Last month, my great-niece Haidyn graduated from high school and will be heading on to college.  She will be the first of her generation in our family to do so.  I know that my parents (her great-grandparents) would be very proud of her.  They were never able to attend college and, in my mother’s case even finish high school.  I know something about how Haidyn must feel because, though it seems common place – even compulsory – now, I was the first person on either side of my family to attend college. It is a bridge that, once you cross over it, you can never go back. The best analogy is that it is something like it must be for men and women who go away to war.  No description of it to others is going to convey what it is like to those who have not been there.  You leave not being the same person who entered.  It changes your world view; you can no longer see things in the same way you once did. 

While advice from a 71 year-old man is about as welcome as dandelions in a suburban lawn, I’d like to offer a bit of it for any family members of Haidyn’s generation that are planning to go college.  The first is: go away to school.  Education is more than only books.  Learning first hand that there are people who see the world differently than you do – who talk a little differently, dress differently, have a different background of experiences, have value systems different from yours – is a part of the education itself.  Simply living in an environment that is different from what you are used to broadens you,  teaches you something.  Seattle doesn’t feel the same as Phoenix.  There is a poem by Wallace Stevens called “Anecdote in A Jar” in which he places a jar on a hill in Tennessee and instantly that jar becomes the central reference point for everything we do. While our house, our home town, our family may always be the emotional center of our universe, it is not the physical center.  Moving that glass to another hill gives you perspective and that is not something that you get by staying home or going to Florida for spring break.

When the time for college came, I urged all of my children to pick a place that was not in their geographic backyard.  Pat was the first one and, in all candor, he would have been very comfortable staying in Buffalo and going to UB.  Instead, he went spent his first year at Syracuse University because at the time he was interested in going into journalism and the school had a good reputation.  It was not the best experience. He had gone to high City Honors in Buffalo where the students were highly motivated. His friends went off to Harvard, Stanford, etc.  They were kids who were bright but worked hard for what they got. What he learned at Syracuse was that the rest of the world was not like this.  They were interested in partying, joining frats and drinking (some things haven’t changed). Having to go to class was a minor annoyance for them.  Their parents paid for their education, so they didn’t care. Despite good classes, Pat learned that Syracuse wasn’t for him.  He also learned that he was more interested in political science and ended up transferring to Buffalo.  Nevertheless, he learned something valuable.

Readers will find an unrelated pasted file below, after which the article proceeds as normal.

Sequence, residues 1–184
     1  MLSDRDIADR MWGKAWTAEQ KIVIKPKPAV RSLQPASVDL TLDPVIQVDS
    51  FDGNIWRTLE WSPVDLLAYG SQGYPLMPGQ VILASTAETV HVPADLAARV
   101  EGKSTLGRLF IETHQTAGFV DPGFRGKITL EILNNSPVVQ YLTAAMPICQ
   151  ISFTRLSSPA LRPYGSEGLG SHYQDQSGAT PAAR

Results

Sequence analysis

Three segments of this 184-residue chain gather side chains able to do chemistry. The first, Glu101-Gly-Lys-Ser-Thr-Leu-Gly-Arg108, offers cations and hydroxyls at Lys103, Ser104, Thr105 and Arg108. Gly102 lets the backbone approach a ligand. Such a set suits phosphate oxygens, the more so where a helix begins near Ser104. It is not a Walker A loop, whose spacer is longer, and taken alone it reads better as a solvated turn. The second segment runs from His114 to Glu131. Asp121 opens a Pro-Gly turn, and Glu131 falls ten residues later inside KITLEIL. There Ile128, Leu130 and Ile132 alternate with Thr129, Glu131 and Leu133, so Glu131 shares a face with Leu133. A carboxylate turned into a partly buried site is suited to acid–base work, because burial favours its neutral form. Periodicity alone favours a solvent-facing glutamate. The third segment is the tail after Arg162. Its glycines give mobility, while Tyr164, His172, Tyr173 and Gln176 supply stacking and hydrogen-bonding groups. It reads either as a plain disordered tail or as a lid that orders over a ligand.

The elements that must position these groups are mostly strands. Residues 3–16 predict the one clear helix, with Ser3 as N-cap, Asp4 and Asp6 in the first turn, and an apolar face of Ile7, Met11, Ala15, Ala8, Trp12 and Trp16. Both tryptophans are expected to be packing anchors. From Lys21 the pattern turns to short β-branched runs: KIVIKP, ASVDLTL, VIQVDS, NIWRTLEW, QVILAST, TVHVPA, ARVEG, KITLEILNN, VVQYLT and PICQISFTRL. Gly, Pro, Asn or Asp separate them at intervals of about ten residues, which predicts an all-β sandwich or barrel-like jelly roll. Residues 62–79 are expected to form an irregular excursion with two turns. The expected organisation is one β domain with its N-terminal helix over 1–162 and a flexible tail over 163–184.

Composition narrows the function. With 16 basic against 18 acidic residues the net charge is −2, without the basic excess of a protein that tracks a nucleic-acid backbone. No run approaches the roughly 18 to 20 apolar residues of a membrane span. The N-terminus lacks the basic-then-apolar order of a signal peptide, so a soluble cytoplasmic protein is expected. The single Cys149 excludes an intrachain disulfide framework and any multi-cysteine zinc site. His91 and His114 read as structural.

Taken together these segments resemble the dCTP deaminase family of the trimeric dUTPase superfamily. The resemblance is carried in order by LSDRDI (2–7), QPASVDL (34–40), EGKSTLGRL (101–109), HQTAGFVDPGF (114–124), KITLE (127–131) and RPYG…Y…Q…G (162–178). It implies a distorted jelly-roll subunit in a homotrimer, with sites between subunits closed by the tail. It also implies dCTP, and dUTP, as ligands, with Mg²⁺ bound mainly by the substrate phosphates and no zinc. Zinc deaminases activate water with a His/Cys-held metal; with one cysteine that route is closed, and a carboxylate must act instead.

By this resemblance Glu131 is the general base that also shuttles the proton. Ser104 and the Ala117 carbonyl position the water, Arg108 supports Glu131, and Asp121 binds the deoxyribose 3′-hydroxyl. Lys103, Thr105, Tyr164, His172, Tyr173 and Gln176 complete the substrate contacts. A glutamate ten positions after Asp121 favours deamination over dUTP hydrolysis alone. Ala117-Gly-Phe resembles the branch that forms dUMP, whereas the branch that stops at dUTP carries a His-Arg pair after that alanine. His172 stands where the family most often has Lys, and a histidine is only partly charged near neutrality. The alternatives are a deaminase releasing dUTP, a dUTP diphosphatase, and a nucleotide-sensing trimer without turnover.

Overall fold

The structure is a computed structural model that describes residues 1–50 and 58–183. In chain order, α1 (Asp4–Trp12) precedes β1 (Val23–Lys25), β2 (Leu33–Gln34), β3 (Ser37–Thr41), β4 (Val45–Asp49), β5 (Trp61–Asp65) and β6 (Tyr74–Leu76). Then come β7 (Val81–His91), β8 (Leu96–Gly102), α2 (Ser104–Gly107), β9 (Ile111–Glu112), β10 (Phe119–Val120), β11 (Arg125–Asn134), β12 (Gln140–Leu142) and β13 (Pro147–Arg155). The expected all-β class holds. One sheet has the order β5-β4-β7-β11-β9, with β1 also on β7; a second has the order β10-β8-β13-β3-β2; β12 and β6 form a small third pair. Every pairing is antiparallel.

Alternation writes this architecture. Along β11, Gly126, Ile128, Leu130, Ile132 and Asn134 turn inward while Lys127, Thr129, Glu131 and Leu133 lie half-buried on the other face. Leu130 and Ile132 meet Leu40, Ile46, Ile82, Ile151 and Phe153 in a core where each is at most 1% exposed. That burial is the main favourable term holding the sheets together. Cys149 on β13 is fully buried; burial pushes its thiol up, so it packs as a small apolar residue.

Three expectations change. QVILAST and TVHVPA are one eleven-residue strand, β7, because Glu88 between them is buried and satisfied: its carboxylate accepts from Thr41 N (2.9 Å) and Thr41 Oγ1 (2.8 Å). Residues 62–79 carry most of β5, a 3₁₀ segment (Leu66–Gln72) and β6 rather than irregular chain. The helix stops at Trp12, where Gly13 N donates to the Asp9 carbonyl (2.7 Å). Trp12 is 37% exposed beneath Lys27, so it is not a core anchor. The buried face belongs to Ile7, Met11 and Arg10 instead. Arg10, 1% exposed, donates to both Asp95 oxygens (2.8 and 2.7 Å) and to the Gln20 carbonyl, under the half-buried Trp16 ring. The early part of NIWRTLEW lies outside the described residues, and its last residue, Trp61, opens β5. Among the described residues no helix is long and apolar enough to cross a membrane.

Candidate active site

In a somewhat different vein, Maya went to the University of Indiana and, her first reaction was an incredulous “Everyone there is white!”  On the up side, she added that despite their counterparts in New Jersey, school officials and employees at IU were actually friendly.  While she learned that she could probably never live in Indiana, she loved the school, and her education and made long time friendships.

A second piece of advice that I would give is to take some courses that you enjoy.  You may not get the chance again to try out some of the things that colleges and universities give you a chance to do.  I know. For some people that sounds frivolous, like a luxury.  I’ve worked with enough students over my life time that have come from backgrounds where they thought they would never be able to make it to college.  They are seeking an education to get a good job, to lift themselves and their families out of poverty. They feel the imperative to stick to the game plan and pick up skills and a certificate that can be cashed in for a better standard of living.   I respect that.  Not everyone has a choice. But in that case, what people are looking for is training, not education – and that is a whole different ballgame.   Education is expansive, not one directional.  My model here is my son Eli.  Eli was admitted to the architecture program at the University of Maryland. It is extremely competitive and famous for the fact that during the junior and senior years students basically sleep all night in the architecture studio.  Nevertheless, his first couple of years he experimented with classes that appealed to him like calligraphy and Italian.  It’s made him a more interesting and empathetic person and over a decade later, he is doing just fine as an architect with his own firm.   You have your whole life to work, often in ways that give you little time to pursue things that really interest you.  Haidyn, I have no idea what you are  planning to study or what your career plans are, but I say, take advantage of it while you can. Let yourself grow.